For appetizers, it’s hard to beat the delicious pecan-crusted fried crab cakes lying in a pool of creamy blackened crawfish sauce. The Bistreaux Bisque is a multi-layered bowl filled with a delectable combination of lump crabmeat and corn. For entrees on the lighter side, sesame ginger tuna steak is a delicious fish dish that’s first marinated in a sesame ginger, grilled and topped with a wonderful peanut sauce.

Fried eggplant medallions comprise eggplant Napoleon. The crisp fried eggplant is topped with the combined divine flavors of jumbo lump crabmeat in their signature blackened crawfish sauce. Rich to the point of naughtiness, the Sir Steak-a-Lot sandwich is a wonder; imagine a six-ounce sirloin steak grilled to your specifications lying on a sourdough bun, then layered with caramelized onions and pepper jack cheese.

Fresh Catch Bistreaux, 109 Tunica Drive East, Marksville, 71351, (318) 253-6543.


More formal than the Marksville restaurant, yet managing to retain an atmosphere that’s warmly elegant and very Louisiana, Bistro on the Bayou has received accolades from the likes of the New Orleans Times-Picayune newspaper, Southern Living magazine and Chef John Folse.

Called one of the finest dining places in Louisiana, its innovative appetizer menu offers tempura-fried green beans with chipotle laced sour cream and a Japanese-Louisiana blend of flavors in the dipping sauce; the scrumptious, fresh Louisiana crabmeat enchilada with a spicy sauce and sweet corn salsa, both homemade, are also served with the chipotle sour cream; for simple down-home comfort food pleasure, they also offer, as a stroke of genius, chicken and dumplings as a meal starter. The side orders could almost double as entrees.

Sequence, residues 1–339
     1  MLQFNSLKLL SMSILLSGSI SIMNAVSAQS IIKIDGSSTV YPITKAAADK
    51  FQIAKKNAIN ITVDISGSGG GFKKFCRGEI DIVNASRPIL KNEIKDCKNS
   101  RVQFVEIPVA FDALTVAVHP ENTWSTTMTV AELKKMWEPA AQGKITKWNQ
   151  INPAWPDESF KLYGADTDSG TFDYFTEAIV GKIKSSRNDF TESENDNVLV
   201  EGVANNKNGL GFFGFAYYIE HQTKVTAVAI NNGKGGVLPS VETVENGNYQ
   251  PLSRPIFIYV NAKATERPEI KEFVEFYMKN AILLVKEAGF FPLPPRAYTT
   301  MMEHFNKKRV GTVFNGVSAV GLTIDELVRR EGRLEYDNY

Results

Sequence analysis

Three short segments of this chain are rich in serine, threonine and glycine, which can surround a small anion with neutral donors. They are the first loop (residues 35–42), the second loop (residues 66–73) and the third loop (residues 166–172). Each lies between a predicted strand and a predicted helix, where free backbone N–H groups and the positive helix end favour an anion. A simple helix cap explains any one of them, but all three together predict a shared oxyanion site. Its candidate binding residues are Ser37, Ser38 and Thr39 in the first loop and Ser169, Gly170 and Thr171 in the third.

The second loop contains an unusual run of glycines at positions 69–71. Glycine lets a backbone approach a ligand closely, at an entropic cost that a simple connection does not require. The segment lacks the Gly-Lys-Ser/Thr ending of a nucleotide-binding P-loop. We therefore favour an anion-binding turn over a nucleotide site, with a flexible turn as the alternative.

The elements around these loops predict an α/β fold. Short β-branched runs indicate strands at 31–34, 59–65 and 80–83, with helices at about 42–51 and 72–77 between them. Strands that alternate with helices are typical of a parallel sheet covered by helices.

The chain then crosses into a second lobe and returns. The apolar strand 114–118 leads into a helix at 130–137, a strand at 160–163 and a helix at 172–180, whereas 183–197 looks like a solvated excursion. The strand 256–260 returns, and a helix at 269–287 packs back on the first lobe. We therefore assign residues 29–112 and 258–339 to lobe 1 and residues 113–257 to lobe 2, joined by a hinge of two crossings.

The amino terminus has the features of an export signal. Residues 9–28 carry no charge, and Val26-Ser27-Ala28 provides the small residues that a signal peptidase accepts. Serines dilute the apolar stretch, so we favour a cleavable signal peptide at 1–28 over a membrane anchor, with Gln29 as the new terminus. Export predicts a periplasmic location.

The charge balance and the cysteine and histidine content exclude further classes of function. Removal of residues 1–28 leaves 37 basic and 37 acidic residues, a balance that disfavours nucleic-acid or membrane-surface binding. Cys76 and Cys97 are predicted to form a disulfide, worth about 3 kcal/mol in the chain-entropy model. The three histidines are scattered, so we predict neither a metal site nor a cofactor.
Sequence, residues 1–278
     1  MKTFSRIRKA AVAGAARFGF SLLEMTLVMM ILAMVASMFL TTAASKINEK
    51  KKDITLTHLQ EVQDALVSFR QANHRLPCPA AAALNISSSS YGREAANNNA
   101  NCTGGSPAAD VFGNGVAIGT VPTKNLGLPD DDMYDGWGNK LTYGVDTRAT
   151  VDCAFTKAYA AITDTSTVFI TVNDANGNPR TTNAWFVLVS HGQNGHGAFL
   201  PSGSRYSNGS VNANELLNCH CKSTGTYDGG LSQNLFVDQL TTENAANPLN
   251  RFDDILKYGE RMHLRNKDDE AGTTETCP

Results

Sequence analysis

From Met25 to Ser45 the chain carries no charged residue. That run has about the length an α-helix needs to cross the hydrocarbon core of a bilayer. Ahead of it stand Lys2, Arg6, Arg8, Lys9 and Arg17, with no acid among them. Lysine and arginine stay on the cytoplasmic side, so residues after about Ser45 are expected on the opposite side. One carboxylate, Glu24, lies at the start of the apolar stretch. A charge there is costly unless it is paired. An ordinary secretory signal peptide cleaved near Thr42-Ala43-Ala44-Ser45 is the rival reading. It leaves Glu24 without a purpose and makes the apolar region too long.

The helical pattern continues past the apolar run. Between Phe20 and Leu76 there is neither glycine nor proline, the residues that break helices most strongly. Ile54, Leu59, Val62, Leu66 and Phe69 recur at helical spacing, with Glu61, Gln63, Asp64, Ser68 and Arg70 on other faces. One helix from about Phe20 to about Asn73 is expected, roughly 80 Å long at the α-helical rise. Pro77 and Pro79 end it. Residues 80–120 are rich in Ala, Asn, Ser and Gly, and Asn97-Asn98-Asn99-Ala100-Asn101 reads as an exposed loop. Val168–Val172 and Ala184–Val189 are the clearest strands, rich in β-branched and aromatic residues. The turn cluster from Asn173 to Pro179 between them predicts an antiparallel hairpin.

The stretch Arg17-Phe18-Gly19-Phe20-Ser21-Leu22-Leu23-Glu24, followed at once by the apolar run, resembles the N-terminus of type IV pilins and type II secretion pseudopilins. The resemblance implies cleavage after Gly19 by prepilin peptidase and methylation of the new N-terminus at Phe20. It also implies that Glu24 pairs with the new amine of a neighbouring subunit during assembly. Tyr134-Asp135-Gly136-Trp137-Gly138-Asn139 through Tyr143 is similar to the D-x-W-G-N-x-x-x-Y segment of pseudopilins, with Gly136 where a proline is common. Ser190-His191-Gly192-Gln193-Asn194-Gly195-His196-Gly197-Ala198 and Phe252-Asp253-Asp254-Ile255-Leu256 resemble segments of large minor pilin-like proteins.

Crawfish Avoyelles is a mélange of baked mudbug tails, mushrooms, sweet corn and spicy Cajun rice topped with a melted cheese blend, all flowing together in a river of flavors that enhance one another. For entrees, you can have your fresh fish of the day, or a catfish fillet, either pan-sautéed with butter pecan sauce, charbroiled and served with a lemony butter sauce or blackened with the innovative pesto beurre blanc.

You can take these dishes a step further by choosing either “Add Bayou Style” (a fried Louisiana soft-shell crab in lemon butter sauce and pecans baked in honey tops the fish of your choice) or “Add England Style” (topped with fresh Louisiana crabmeat soaking up the tangy pesto beurre blanc). Pull out all the stops by ordering the Maine lobster over macaroni and cheese. Sweet lobster claw and knuckle are laid across the macaroni that’s made with fresh-grated cheeses to which has been given a spicy Louisiana kick of flavor that enervates the velvety, creamy texture and complements the lobster.

Bistro on the Bayou, 1321 Chappie James Avenue, Alexandria, (318) 445-7574.

Regional Reports from across Louisiana



Erath can now boast it has a world champion as one of its denizens. Grant LeBlanc, at age 70, competed in the prestigious 43rd annual Ward World Championship Wildfowl Carving Competition for the first time in his life. According to Avoyelles Today, he not only competed, but also took first place in two different divisions, thus elevating him to the status of World Champion.

For nearly four decades, the Ward World Championship has drawn more than a thousand wildfowl artists from an international array of locales such as China, Japan, the United Kingdom, Canada and Russia to its competition in Ocean City, Md.